• United States

Standards bodies work to ensure identity management interoperability

Feb 26, 20033 mins
Enterprise Applications

* Identity management news from Liberty Alliance and OASIS

It’s gratifying to see that so many organizations, standards bodies, ad-hoc committees and even single vendors are doing so much to try to ensure interoperability and nonduplication of services in the identity management field. I’ll mention two recent developments, but there are many others. Please feel free to draw my attention to any efforts along these lines that you are participating in or are aware of.

The Liberty Alliance Project recently released a white paper called “Identity Systems and Liberty Specification Version 1.1 Interoperability” (see editorial links below), in response to questions about Microsoft’s Passport technology and how it affects the Liberty specification.

Read the paper for all the details, but the bottom line is that Passport and the Liberty specification are not competing technologies. In fact, they can be complimentary. SAML, the Security Assertion Markup Language, is the common denominator between the two.

Liberty is rooted in SAML, while Passport can be based on SAML (and probably will be for most users). The difference is one of focus – while the Liberty specification is concerned primarily with providers of goods and services and their ability to federate, Passport has a user-centric focus.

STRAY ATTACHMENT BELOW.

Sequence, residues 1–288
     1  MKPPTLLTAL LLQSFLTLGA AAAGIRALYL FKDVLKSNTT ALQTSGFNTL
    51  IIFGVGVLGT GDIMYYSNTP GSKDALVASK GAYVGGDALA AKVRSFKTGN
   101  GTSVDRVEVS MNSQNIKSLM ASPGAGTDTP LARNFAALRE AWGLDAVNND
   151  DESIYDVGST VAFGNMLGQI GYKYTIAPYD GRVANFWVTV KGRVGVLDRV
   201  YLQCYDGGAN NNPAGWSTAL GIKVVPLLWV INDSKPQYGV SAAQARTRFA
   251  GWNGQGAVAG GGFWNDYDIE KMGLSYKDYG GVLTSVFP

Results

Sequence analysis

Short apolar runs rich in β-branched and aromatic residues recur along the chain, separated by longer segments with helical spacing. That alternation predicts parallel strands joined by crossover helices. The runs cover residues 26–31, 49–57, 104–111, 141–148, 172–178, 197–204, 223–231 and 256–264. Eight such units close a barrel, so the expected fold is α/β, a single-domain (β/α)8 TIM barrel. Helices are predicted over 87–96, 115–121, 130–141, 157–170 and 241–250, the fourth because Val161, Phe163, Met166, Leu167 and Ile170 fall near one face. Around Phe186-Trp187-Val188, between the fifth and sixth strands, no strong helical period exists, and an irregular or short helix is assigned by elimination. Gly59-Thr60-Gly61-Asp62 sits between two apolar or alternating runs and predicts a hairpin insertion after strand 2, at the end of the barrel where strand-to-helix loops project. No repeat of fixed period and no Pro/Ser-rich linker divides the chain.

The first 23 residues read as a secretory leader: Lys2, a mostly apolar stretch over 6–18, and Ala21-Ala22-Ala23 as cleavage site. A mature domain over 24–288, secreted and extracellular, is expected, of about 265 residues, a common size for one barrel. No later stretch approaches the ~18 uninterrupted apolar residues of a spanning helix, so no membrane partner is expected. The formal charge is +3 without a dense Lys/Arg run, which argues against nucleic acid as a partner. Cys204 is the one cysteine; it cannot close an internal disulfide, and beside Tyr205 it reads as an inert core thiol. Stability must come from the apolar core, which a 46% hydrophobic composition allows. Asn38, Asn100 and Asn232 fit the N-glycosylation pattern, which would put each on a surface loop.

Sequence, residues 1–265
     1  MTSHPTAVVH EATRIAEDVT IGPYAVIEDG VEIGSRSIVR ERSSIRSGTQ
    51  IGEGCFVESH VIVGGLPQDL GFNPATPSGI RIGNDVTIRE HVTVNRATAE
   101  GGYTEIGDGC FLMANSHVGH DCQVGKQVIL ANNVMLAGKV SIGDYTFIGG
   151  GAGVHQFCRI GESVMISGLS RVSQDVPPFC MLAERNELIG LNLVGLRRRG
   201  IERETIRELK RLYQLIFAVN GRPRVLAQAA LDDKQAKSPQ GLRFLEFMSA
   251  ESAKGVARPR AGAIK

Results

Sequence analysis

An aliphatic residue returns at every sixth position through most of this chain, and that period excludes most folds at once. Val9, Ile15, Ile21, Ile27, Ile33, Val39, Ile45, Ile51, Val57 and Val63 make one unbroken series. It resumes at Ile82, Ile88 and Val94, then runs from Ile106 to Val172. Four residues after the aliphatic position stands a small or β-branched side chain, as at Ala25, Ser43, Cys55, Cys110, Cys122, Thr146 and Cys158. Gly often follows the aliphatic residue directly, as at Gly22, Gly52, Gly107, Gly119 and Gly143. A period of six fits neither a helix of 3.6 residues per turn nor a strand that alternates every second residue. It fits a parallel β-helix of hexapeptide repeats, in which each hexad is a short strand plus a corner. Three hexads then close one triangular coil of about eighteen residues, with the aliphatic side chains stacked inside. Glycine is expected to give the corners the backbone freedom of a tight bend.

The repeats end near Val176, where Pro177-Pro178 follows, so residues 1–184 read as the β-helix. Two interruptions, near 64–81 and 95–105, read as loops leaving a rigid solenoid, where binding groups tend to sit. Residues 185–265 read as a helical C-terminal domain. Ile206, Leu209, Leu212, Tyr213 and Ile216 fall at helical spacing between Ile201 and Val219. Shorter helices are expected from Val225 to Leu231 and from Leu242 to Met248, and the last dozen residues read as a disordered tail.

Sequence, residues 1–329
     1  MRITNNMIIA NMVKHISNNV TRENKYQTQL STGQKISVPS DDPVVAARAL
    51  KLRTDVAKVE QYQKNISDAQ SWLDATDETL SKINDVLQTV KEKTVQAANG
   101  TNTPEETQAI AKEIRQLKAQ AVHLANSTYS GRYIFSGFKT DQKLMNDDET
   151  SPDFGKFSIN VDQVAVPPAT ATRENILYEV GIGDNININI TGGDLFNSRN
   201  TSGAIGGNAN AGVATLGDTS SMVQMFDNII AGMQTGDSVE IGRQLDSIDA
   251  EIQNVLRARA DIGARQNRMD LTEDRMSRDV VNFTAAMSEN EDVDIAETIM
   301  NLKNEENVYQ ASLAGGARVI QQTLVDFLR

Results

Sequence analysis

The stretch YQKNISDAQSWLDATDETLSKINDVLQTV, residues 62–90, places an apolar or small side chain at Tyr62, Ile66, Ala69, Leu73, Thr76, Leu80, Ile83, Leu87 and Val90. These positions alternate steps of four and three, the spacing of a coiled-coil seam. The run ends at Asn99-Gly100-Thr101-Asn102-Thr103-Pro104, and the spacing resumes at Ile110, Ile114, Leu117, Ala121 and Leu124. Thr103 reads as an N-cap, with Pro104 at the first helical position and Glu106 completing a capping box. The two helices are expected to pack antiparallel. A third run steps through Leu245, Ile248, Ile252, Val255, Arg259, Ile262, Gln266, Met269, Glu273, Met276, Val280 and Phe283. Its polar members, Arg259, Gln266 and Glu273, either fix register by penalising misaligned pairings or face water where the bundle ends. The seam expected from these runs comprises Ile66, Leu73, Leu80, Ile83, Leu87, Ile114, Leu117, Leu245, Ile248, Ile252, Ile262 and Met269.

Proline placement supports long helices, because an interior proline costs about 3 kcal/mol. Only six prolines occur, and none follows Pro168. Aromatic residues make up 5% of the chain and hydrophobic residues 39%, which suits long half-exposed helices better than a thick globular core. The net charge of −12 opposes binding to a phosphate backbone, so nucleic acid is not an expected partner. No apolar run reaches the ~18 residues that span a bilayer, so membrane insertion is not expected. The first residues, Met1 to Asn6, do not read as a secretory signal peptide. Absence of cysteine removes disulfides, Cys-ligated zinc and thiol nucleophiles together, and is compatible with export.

The paper concludes, “Liberty understands that all organizations will have multiple identity managers – public, private or proprietary – with whom it will have to coexist.” That’s the bottom line: Liberty will ensure that its specification changes to accommodate any identity management products that members of the alliance might use. That’s good news for those with a need to be early adopters of federated identity products.

From OASIS comes word that the Extensible Access Control Markup Language (XACML) technical committee has released Version 1.0 of its specification. 

The XACML group is tasked with developing an XML schema for encoding authorizations and entitlements and, as such, is quite complimentary to SAML, which deals more closely with authentication. Authentication and authorization are, of course, two of the prime reasons we need solid identity management services. See how it all fits together? 

The XACML charter reads, in part: “XACML shall adopt as baseline documents the work products of the Security Services Technical Committee [the authors of SAML] including but not limited to a Domain Model and Glossary.”

There are still a few things to work out, since the Security Services Technical Committee charter also claims jurisdiction over the exchange of authorization information. The membership in the two committees includes a lot of overlap, though and both committees have vowed to work closely with the other to avoid nonduplication of effort.

It’s this cooperative attitude on the part of specification creators that will greatly facilitate the wide acceptance of the many services that we envision for users. For too long we’ve acted as if the water pipes buried under the street were more important than the whirlpool baths and hot tubs built on top of them. To the users, the plumbing doesn’t really matter – all they care about is relaxing after a hard day. The important thing about the pipes is not whether they’re nine millimeters or twelve millimeters in diameter, but can they connect together – can they interoperate – to deliver the service that the end-user really wants. Three cheers for us.